illustration (attribution, if any possible, is at the end of the article)
Someone recently wrote the following comment (in a thread on 'free will'):
I even suspect my continuity is but an illusion, as consciousness probably cycles on and off many times a second, and I continuously die and am reborn. In case that is in doubt, I die every night and am reborn in the morning for sure. I am not afraid of dying, I am afraid of the time I won't be reborn. I agree with "science" (and the mystics) that the ego is not worth very much, but for now, it is all "I" have to call my own.
I think (for what my judgement is worth) that this perspective on Non-Self is pretty deep already but it nonetheless bumps into a hindrance shared by many, so I'll make a post out of the reply:
Writing "for now, it is all 'I' have to call my own" is obviously quite humorous in the perspective of letting go of the ego. The 'I' is not the problem here… the problem is in seeking what to call 'my own.'
From the Buddhist perspective, the 'I' constitutes itself by appropriation of "what's (posited as) mine." The origination of the sense of self (permanent like a 'soul') follows this chain:
experience is subjective [by construction (limited perception by organs)]
=> 'my' experience
=> if 'my' exists, 'I' exists
=> to reduce the anguish of death / extinction / not being reborn, I can solidify the 'I' by 'solidifying' "what's mine" i.e. loudly "calling it my own".
Everything is conditioned, relative and impermanent though; so, in order to solidify what's mine, I need to project some delusion of permanency, solidity, independent entity onto what I appropriate. I delusion myself, create a sense of 'eternal' self, thanks to the delusion that what I appropriate is solid, that the world is eternal (if not 'this' world, some 'super-world' encompassing Paradise and Hell)…
To see impermanence around us, conditions and processes around us, to see the lack of solidity / entity around us is what allows to let go of 'owning.' What do you own when there is nothing that stays your own? Letting go of ownership, including of ownership of a convention / definition of "who I am," one can let go of the ego.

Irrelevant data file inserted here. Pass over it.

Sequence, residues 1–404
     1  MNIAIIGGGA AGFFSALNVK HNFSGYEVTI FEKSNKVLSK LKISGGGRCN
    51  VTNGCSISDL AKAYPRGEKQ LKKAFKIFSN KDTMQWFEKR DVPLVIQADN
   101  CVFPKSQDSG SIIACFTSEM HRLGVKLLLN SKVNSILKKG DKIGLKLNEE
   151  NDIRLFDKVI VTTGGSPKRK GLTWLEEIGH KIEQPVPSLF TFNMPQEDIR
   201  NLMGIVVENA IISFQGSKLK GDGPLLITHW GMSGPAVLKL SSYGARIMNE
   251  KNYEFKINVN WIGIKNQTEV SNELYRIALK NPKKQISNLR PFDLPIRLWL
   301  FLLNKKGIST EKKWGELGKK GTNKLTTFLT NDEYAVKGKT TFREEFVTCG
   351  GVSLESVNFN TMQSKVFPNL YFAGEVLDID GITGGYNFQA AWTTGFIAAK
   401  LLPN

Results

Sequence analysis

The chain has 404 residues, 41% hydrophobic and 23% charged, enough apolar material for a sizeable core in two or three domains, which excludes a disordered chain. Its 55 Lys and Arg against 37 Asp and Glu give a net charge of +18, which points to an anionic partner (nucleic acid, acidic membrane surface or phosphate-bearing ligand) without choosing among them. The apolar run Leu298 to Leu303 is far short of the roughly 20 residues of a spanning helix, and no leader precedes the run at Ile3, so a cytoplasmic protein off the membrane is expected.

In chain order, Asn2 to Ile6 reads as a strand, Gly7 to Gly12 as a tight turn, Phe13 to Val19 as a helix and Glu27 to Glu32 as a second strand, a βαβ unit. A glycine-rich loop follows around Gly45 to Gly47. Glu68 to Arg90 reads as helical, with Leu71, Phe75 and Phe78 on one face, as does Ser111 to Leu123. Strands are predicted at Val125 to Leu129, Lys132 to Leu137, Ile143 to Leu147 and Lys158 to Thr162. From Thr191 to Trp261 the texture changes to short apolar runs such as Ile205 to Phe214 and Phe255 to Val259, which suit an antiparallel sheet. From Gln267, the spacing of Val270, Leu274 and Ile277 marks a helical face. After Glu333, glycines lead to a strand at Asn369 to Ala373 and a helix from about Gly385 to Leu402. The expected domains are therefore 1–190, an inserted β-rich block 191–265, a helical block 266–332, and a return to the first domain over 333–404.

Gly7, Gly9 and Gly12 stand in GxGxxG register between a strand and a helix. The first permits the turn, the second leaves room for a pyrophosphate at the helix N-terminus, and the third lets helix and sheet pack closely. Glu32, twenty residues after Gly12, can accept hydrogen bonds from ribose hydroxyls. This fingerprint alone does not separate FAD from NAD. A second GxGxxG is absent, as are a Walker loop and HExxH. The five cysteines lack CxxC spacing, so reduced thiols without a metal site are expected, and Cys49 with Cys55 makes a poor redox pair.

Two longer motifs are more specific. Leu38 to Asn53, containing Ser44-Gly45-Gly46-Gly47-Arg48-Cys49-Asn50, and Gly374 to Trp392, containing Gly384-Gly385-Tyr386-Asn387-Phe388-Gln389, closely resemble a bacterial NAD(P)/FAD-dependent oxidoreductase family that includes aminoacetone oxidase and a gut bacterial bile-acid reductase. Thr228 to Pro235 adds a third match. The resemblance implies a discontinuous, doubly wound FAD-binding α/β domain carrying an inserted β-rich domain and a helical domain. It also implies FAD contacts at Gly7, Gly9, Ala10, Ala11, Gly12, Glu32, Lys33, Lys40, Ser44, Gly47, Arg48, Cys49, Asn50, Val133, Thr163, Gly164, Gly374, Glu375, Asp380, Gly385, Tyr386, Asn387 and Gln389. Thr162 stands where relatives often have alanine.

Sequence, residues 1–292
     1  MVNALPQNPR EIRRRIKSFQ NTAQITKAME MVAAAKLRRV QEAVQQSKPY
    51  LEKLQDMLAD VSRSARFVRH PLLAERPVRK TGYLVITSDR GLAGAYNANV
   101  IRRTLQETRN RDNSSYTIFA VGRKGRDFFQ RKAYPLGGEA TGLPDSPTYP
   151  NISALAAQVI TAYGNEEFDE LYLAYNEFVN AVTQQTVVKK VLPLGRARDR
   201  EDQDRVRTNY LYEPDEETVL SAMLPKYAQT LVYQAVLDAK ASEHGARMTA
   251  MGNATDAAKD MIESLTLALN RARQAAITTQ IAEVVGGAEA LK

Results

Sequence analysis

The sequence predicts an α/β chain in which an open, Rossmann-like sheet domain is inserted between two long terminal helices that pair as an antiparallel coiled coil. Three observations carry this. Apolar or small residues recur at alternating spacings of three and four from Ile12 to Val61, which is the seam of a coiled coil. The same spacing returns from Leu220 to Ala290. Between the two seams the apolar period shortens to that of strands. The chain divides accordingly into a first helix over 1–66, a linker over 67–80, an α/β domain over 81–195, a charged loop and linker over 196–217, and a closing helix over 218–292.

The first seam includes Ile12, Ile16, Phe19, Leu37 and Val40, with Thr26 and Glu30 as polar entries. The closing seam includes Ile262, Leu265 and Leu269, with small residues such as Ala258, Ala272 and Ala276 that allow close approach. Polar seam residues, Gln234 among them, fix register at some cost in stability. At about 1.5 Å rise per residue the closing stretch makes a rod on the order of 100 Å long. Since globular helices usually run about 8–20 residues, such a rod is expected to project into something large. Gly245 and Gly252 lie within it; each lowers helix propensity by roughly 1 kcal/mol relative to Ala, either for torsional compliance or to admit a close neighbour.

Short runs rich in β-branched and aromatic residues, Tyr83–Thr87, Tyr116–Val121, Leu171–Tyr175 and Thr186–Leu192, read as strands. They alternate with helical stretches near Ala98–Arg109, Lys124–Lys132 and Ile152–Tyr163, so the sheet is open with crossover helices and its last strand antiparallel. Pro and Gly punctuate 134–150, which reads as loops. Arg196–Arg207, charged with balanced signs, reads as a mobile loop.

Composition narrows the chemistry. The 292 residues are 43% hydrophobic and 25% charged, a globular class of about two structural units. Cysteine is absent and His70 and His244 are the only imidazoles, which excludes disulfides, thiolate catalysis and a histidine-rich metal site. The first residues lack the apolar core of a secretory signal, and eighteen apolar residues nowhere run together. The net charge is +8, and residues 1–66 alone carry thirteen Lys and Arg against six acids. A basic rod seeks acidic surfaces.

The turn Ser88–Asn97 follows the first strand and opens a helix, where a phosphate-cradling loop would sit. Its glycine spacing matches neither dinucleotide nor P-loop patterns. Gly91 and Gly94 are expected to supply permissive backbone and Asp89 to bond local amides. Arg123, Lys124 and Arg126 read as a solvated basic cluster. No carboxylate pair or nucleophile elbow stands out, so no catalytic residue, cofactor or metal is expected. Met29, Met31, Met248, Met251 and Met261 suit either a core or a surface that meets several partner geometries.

The initially-mentioned commentator continued:
My hope is to identify with that sneaky "higher self" while I still exist, or maybe to wake up and find that my identity is not centered in my self, but as the Buddhists say, there is no ego, or it has to give up and die so you can be "enlightened," which means you realize your true self is not the foreground ego, but the whole background universe, temporarily centered in yourself.
Buddhists indeed deny the little self, but many major streams of Buddhism would also deny the higher Self… which doesn't negate freedom: it simply doesn't associate such freedom to a fixed permanent entity (with a fixed identity). It is simply a matter of allowing freedom to change the entity (it's all about how does one 'define' an entity): by nature, a potential change prevents the entity from being fixed…
Losing the little self (ātman) but identifying (Ātman) with the higher Self (Brahman) is a lot closer to the Vedantic / Upaniṣadic perspective than to Buddhism. Vedānta is a very commendable spiritual tradition (close to Buddhism in many aspects, but different at heart in this very relation to Brahman).
[initial comment by , in initial thread (worth a read if you're interested in philosophy on 'free will'): https://plus.google.com/u/0/115624860057949518963/posts/YGkpaWLyDz3 ]
[photo (© D. Wallez, 2008): trimurti of शिव (Śiva), elephanta island, India]
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